What this emphasizes, to put it rather simply, is the importance of the character of the leaders and the collective wisdom of larger communities. Scripture is full of various sorts of hierarchies (which is, of course, unsurprising if they are indelible features of life). Some show the ability to enrich life; others, to demean it.

We will take only two brief examples from the New Testament that illustrate, first, the wisdom of shaping a hierarchy toward a community’s public witness and, second, the importance of Christian character for leaders within a community’s hierarchical structure.

After Judas’ death, the apostles decide to reconstitute the twelve -- a symbol of the reuniting of Israel’s 12 tribes -- and they establish only one criterion: this person needs to have accompanied the original twelve as they went around with Jesus during his earthly life (Acts 1:21-22).

There were, as Luke’s Gospel attests, many more than the twelve who accompanied Jesus throughout his ministry. But from these, one must be lifted up to occupy the role Judas would have played in the leadership of the early church. The wisdom here is that the original apostolic hierarchy was formed in order to display symbolically the significance of Jesus’ ministry: in the life of Jesus, God is at work, fulfilling his eschatological promise to reconstitute Israel.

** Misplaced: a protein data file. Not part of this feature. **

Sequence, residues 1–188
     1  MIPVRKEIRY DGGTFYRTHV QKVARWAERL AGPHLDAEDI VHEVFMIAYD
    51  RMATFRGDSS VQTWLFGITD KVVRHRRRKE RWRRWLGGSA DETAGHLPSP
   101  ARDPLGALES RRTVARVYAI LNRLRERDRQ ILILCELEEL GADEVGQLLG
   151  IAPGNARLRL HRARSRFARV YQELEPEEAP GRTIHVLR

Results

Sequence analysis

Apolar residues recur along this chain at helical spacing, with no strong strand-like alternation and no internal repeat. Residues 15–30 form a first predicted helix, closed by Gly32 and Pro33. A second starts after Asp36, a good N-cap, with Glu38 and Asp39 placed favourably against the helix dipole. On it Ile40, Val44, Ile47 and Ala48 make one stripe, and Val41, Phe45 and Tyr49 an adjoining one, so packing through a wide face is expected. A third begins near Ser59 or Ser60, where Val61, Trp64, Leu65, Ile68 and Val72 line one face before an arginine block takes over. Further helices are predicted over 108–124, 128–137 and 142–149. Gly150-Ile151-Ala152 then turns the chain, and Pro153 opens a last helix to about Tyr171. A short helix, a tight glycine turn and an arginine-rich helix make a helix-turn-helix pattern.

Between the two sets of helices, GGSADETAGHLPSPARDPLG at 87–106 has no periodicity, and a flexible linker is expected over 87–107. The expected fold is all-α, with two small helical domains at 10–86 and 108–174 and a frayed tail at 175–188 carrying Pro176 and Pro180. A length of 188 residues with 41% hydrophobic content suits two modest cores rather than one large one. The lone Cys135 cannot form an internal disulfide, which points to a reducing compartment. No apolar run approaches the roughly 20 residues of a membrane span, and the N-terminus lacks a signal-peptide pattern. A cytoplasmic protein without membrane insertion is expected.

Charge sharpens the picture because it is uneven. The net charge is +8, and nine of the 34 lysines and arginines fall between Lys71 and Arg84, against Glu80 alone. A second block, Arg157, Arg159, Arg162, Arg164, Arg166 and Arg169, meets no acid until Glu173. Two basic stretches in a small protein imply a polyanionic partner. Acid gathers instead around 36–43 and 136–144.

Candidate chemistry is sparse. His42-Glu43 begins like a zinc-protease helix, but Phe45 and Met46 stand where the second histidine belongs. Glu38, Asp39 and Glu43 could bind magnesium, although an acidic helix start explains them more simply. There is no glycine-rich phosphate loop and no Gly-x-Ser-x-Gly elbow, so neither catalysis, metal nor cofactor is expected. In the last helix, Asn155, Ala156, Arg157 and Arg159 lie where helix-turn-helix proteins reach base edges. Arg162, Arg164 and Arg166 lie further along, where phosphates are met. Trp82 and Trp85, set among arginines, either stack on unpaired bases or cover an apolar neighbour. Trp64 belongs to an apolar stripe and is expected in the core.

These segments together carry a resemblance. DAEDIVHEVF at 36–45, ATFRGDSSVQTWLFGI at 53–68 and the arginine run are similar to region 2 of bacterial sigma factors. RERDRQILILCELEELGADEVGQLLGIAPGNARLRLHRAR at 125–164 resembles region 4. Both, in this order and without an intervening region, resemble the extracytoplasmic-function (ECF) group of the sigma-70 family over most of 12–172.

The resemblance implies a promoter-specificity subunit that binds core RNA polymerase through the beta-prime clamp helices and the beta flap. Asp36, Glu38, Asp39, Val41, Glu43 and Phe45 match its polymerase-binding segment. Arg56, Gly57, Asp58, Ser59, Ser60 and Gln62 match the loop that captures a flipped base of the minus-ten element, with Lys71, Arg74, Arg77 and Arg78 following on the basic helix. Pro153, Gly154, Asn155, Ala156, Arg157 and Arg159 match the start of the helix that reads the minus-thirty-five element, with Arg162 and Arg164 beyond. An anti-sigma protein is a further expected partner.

To lose the figure 12 would be to demonstrate that God’s fulfilling work was somehow compromised or perhaps even defeated. Maintaining a specific sort of hierarchy in this case is thus about the symbolic integrity of the community’s witness to the significance of Jesus’ earthly ministry.

The first letter to Timothy is often maligned today by those who want it to agree with modern conceptions of equality or justice. It is true that the letter contains some difficult passages to swallow (the reading of Adam’s behavior in Genesis 1-3 offered in 1 Timothy 2:14, for example) and that those who want rather simply to equate hierarchy with pernicious forms of patriarchy could find some help there for their case.

But as a whole, its specifications for leadership within the church’s assumed hierarchy illustrate the truth that leadership and the moral life are inextricably bound together. Contrary to the sort of pronouncements we frequently hear today that the “private” lives of leaders should have no bearing on their “public” role, 1 Timothy 3:1-8 insists that elders and deacons model the virtues and behaviors that work against such a separation.